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Children in the Wild
Much has been written about the importance of exposing children to nature. Books such as Last Child in the Woods, by Richard Louv, have revolutionized how we see television, the internet, and video games by presenting convincing data that illustrate how exposure to the outdoors is crucial for the physical, emotional, mental, and even spiritual development of children. I aim to summarize “nature deficit disorder” and push you to spend more time outside with your children, brothers, sisters, cousins, and friends.
The Nature and Self-Esteem Link
The plain and simple truth is that children need regular exposure to the natural world. Such exposure leads to reduced stress; increased happiness, self-worth, and motivation; and improved physical fitness, balance, coordination, and even brain development. Beyond all of that, spending time in the natural world satisfies a child’s need for autonomy. Though these benefits are widely publicized, nature and our children’s contact with it are diminishing rapidly. According to the Children and Nature Network, only 6 percent of children between the ages of nine and thirteen spend time outdoors in a typical week (2008). Instead of playing in the sunshine, the average North American kid spends more than thirty hours a week watching television (Gold, 2009). The internet, video games, cell phones, and other technological devices absorb even more time. While the United States currently leads the world in nature-deficient children, this is quickly becoming a global epidemic.
It can be tempting to scapegoat parents, the media, and all the other usual suspects that take our attention away from shrubs, trees, and grass, but the reality is that we are all to blame. Technology is captivating. As we advance, we prioritize our new electronic devices over nature. To some extent this is unavoidable, as we live in a modern age. It is important, however, to balance the time we spend plugged in with time in the great outdoors. Nature is simply irreplaceable. When we are outdoors, we connect to our deepest ancestral roots, and our instincts come alive. This cannot be achieved in the virtual realm. It can only be discovered in the wilderness.
For many of us, so much time has elapsed since we truly immersed ourselves in nature that it can feel intimidating or awkward to jump back in. But if you push yourself to go hiking, camping, or foraging, you’ll feel comfortable again in no time. Think back to a time when none of your friends owned cell phones. How were things different? How did you interact? What did you do together before you watched videos on YouTube or updated your Facebook status?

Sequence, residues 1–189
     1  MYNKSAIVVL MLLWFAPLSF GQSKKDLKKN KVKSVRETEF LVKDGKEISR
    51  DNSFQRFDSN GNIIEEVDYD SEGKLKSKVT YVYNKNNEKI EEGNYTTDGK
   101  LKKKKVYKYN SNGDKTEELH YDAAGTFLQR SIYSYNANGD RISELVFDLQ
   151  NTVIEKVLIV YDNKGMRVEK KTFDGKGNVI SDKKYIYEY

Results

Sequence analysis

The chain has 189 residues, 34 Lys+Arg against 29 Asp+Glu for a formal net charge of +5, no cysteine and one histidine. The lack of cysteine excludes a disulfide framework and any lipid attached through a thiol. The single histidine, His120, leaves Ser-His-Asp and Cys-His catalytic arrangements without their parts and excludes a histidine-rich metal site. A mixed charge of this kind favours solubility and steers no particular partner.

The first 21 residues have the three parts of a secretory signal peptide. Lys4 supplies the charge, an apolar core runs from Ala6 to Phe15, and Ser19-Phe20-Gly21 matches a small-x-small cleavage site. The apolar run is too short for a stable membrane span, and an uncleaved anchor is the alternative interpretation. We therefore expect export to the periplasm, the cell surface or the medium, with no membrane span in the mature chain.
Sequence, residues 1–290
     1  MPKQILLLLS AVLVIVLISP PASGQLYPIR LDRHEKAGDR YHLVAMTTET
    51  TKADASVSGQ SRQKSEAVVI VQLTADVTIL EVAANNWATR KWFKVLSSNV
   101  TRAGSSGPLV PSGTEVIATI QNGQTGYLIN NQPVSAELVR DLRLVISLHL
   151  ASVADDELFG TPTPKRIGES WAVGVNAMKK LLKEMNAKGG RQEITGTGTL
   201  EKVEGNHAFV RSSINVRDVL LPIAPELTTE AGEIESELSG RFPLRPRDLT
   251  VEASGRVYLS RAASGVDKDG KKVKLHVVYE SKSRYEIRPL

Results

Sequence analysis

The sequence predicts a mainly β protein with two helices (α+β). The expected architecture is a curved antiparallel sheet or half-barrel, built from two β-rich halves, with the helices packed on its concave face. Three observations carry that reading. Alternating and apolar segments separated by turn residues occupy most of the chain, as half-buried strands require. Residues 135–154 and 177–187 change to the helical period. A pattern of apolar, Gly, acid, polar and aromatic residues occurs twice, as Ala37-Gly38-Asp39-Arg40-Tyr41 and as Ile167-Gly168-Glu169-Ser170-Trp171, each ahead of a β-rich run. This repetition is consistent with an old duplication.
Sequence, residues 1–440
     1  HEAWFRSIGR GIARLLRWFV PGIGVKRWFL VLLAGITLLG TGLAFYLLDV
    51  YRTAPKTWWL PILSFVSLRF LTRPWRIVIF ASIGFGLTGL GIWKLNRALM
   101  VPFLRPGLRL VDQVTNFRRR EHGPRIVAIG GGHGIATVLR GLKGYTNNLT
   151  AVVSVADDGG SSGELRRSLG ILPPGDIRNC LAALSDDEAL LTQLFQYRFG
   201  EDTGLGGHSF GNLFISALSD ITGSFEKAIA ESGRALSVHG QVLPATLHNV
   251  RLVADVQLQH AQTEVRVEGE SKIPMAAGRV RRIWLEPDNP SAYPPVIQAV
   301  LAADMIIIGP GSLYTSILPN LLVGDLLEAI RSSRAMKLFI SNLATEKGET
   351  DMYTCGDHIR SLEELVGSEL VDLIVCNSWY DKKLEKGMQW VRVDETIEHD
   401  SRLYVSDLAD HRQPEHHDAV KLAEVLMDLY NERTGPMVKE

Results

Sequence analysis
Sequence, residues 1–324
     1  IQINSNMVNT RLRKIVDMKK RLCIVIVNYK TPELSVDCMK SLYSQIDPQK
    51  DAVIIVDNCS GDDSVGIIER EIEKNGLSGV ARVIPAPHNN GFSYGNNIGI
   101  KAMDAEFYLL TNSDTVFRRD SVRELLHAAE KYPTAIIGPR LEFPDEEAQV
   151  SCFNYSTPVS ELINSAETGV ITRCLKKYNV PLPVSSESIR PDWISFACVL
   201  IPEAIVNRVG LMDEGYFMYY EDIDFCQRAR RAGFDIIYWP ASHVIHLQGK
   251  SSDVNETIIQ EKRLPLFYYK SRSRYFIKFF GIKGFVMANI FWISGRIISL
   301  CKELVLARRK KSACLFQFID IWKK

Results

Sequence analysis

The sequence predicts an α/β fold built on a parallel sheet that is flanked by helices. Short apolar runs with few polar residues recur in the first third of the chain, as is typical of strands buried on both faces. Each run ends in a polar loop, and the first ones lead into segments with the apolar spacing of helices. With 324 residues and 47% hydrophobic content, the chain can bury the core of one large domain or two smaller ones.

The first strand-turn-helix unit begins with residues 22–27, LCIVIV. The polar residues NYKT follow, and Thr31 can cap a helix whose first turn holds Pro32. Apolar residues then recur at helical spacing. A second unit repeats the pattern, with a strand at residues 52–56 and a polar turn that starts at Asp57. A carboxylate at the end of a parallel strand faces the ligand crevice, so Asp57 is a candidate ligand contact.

What I remember is that I spent more time outside connecting with my loved ones. My friends and I frequently met in the park and spent the bulk of our interactions in nature. Even as teens we didn’t feel too old to play in creeks and climb trees. We were not unique. I remember how the majority of the youth congregated in the plaza or the park after school and on weekends to hang out until their parents forced them to come inside for the night. All the time spent outdoors was restful and incredibly fulfilling. Today’s younger generations are losing touch with the wild, and it is up to us to jump-start that connection once more.
Foster a Deeper Sense of Present Moment Awareness and Appreciation of Nature
Foraging is a great way to immerse children of any age in the wilderness. Learning new plants is like meeting new friends. It expands the world by encouraging a person to notice tiny life forms. Nature itself is stimulating, fulfilling, and allows the imagination to come alive.
Make it a point to take your children outdoors and teach them about plants, animals, and everything else in nature. This may sound boring, but it’s not! When my family set out to hike the Pacific Crest Trail, we anticipated being very bored during our half- year hike. We loaded our backpacks full of cards, board games, and books to make it more interesting. Within a few days of starting the trail we got rid of all the entertainment, right down to the last card. Not only was it heavy and hard to carry, but our surroundings were so captivating that we had absolutely no desire to do anything but immerse ourselves in the wilderness around us. Even at the end of the trail, after spending six solid months playing in nature, I felt as though there was more to discover and learn.
If your children initially need additional incentive to play outside, come up with interactive games that require your kids to delve further into the outdoor world. For example, when I was a child, my mom used to challenge us to see who could collect the most blackberries in fifteen minutes. Such experiences are memorable and will vastly enrich a youngster’s life. If nothing else, spending quality time outdoors with loved ones will leave a silly grin on your child’s face.
From Wild Edibles: A Practical Guide to Foraging, with Easy Identification of 60 Edible Plants and 67 Recipes by Sergei Boutenko, published by North Atlantic Books, copyright © 2013 by Sergei Boutenko. Reprinted by permission of publisher. www.sergeiboutenko.com